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In order to monitor replication delay from one PostgreSQL server to another, I am using a simple script which runs the query "SELECT pg_current_xlog_location()" on the master server and "SELECT pg_last_xlog_receive_location()" on the slave. Then I convert the results from hex into decimal and calculate the difference to get the replication delay.

My problem is I cannot figure out what units this xlog_location is returned in. Can anyone explain this?

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up vote 2 down vote accepted

"The units don't matter" (but if you're curious, the units are position in the transaction log -- there's a bit of a discussion here).

It's important to note that there is NO positive correlation between log position and time.
Big transactions may move the log forward a huge amount in a short period.
Lightly used databases may sit at the same log point for hours (or longer).

All you can know from this measurement is how far behind in the log you are (i.e. that you are or are not synchronized with the master, and roughly how much data needs to be sent/replayed).

There's some more discussion here in the Postgres Wiki, but judging by your question I think you've already read this page - It may be worth it to ask on the Postgres pgsql-admin mailing list for clarification (and you might turn up a better answer than what I've given you, and maybe be able to update the Postgres Wiki too :-)

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Thanks voretaq7 that does make sense, and I understand the log would be a measure of data not time. The issue I am having is how could I know if we are at risk of filling the buffer on the master. To say another way, is it possible with this calculation of the replication delay to know if the slave is getting so far behind it will never be able to catch-up? – NickTX Jun 14 '12 at 16:20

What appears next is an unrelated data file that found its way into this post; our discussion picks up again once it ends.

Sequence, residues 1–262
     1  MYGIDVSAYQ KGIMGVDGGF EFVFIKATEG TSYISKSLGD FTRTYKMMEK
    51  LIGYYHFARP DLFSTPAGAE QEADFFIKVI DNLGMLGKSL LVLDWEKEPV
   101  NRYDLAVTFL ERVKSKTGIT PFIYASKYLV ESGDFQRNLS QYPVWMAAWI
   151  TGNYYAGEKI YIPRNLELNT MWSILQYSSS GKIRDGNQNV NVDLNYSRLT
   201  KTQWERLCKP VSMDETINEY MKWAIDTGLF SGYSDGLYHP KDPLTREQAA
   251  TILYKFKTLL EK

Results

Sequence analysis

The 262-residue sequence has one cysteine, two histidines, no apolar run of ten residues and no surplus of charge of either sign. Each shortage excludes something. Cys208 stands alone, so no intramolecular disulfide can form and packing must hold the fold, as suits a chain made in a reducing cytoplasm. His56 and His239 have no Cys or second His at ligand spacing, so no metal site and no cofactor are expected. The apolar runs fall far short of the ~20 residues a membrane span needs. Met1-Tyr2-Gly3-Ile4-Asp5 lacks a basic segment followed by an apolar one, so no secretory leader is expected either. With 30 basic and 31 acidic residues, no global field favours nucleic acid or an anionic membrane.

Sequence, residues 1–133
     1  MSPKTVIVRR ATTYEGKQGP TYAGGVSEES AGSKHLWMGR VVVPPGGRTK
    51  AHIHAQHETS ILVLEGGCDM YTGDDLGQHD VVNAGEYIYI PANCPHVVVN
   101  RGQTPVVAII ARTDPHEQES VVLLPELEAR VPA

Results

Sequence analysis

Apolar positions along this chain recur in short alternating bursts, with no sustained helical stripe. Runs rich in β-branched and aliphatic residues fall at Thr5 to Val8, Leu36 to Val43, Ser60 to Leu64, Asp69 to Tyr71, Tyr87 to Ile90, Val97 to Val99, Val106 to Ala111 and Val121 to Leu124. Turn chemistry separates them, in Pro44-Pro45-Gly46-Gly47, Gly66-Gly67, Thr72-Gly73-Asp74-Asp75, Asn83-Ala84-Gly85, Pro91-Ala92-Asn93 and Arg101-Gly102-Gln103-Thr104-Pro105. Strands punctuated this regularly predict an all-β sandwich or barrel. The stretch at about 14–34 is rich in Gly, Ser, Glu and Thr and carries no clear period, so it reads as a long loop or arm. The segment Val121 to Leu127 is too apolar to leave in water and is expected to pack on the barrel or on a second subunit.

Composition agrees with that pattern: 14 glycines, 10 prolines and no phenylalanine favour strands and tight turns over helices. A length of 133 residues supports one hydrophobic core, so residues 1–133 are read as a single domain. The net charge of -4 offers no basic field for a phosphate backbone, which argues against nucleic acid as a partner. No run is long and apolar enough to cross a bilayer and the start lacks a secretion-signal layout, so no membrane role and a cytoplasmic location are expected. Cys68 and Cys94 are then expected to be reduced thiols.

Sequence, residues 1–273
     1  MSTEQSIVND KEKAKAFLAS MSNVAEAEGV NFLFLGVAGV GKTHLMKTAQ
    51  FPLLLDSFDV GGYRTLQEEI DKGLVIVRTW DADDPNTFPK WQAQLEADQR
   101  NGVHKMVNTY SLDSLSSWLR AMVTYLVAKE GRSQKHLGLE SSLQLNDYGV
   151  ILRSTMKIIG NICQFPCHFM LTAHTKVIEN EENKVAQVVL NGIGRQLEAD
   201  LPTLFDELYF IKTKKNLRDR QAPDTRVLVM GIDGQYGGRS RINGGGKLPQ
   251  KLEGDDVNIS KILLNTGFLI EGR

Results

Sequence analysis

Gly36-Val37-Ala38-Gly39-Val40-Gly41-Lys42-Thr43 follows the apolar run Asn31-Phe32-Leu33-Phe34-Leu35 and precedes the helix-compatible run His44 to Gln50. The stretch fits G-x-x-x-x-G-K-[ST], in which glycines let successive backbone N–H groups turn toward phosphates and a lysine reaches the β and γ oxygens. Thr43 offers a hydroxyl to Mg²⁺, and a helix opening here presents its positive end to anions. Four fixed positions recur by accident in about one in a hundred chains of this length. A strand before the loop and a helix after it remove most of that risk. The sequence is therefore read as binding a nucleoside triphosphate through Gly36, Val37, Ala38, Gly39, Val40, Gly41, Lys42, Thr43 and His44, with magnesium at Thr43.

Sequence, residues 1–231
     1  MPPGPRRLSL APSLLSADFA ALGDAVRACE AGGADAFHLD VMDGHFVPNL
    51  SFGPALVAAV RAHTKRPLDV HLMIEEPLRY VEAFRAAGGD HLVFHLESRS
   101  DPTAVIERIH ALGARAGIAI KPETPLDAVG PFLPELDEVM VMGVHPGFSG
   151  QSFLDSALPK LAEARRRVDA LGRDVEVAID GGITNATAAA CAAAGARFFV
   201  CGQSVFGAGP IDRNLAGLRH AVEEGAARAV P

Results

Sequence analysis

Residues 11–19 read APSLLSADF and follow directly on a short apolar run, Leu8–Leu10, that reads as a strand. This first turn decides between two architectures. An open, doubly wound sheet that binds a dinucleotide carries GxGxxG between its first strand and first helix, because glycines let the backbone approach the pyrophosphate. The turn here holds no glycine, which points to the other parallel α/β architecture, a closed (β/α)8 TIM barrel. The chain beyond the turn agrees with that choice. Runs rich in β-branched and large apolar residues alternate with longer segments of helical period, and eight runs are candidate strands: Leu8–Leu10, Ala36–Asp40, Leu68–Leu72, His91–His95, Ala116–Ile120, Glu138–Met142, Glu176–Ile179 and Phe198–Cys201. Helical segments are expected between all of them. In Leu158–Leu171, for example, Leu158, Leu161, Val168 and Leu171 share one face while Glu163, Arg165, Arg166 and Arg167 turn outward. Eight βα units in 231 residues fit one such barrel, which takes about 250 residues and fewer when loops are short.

@NickTX It's not really possible to know if you'll never catch up (you could have a major burst of data all day, then a quiet night where it catches up as a regular occurrence). You can see if the gap keeps growing though, and possibly set an alarm point when the backlog is over a certain point. I want to say the log units are pages (8K), but don't hold me to that - I haven't looked at the transaction log system in a long time... – voretaq7 Jun 14 '12 at 16:24

The log unit are in bytes (though they are relative - so they aren't useful for measuring anything other than "offsets", and there sometimes can be "jumps" where there's a lot of skipped bytes), with the value being computed as:

If you take the output of: SELECT pg_current_xlog_location() you'll get something like:


The part before the "/" is multiplied by 'ff000000' and added to the second part:

in python parlance (converting hex to into with the int('HEX',16) function) that might look like this:

int('ff000000',16)*int('70',16) + int('A9002358',16)

You could locate the current WAL file name in use using:

select pg_xlogfile_name(pg_current_xlog_insert_location());

Technically it's "possible" for a slave to catch up with the master if the log files that the slave needs are still available on the master. Of course, if the slave is replaying slowly it might never catch up - but you can measure if it is "catching up" or "falling behind" (sort of) using the query below:

On the slave you can get an idea of the time delay using the query:

SELECT extract(epoch from (now()-
              pg_last_xact_replay_timestamp())) AS time_lag;

However, the number returned there is actually the "time since the last replayed transaction from the master" - so if the master hasn't had a transaction in awhile that "time" might make it seem like the slave is falling behind (when it reality, it is caught up, but there have been no transactions on the master.)

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